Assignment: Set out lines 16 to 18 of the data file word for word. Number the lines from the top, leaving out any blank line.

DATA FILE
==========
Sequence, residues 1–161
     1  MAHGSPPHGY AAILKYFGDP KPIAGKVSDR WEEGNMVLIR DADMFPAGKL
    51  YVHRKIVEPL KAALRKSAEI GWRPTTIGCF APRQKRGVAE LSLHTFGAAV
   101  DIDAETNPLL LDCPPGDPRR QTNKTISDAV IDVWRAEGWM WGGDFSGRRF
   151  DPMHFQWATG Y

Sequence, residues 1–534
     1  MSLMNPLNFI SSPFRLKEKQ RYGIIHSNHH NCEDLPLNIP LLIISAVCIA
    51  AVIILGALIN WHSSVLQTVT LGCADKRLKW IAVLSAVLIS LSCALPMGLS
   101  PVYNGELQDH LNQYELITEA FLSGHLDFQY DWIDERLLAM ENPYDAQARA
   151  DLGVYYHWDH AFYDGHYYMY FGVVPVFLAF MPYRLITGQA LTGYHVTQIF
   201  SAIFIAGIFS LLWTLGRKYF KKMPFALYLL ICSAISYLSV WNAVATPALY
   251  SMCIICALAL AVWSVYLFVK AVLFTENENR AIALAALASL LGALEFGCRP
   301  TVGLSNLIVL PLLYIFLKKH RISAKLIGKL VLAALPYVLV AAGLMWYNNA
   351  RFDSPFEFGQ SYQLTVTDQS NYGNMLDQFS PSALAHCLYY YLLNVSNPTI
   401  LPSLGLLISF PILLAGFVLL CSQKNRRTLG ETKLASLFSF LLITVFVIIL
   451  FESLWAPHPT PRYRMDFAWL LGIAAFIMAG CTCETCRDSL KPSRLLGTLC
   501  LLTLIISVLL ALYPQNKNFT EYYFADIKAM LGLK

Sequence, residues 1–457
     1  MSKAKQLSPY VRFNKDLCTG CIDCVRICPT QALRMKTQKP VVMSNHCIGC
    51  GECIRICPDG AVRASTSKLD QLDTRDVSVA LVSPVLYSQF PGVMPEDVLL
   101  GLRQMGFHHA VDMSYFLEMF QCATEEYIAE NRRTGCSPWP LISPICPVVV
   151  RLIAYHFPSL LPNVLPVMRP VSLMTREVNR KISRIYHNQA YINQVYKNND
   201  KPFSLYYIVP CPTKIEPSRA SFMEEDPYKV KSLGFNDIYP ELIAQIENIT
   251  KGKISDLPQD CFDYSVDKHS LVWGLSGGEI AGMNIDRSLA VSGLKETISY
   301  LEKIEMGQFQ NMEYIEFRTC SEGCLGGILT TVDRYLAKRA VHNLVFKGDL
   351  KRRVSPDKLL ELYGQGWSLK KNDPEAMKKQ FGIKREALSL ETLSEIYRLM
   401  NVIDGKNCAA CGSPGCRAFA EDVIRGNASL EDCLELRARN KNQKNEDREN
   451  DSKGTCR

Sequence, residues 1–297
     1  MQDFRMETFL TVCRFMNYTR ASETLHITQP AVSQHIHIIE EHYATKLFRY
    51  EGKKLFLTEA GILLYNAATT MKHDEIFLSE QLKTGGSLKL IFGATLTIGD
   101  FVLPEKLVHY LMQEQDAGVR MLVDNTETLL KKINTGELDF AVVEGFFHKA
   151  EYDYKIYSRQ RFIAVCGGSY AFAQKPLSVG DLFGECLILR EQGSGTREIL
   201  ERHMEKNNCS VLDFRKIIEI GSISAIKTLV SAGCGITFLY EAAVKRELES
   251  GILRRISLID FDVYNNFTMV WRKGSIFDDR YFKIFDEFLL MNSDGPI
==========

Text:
   451  FESLWAPHPT PRYRMDFAWL LGIAAFIMAG CTCETCRDSL KPSRLLGTLC
   501  LLTLIISVLL ALYPQNKNFT EYYFADIKAM LGLK

Sequence, residues 1–457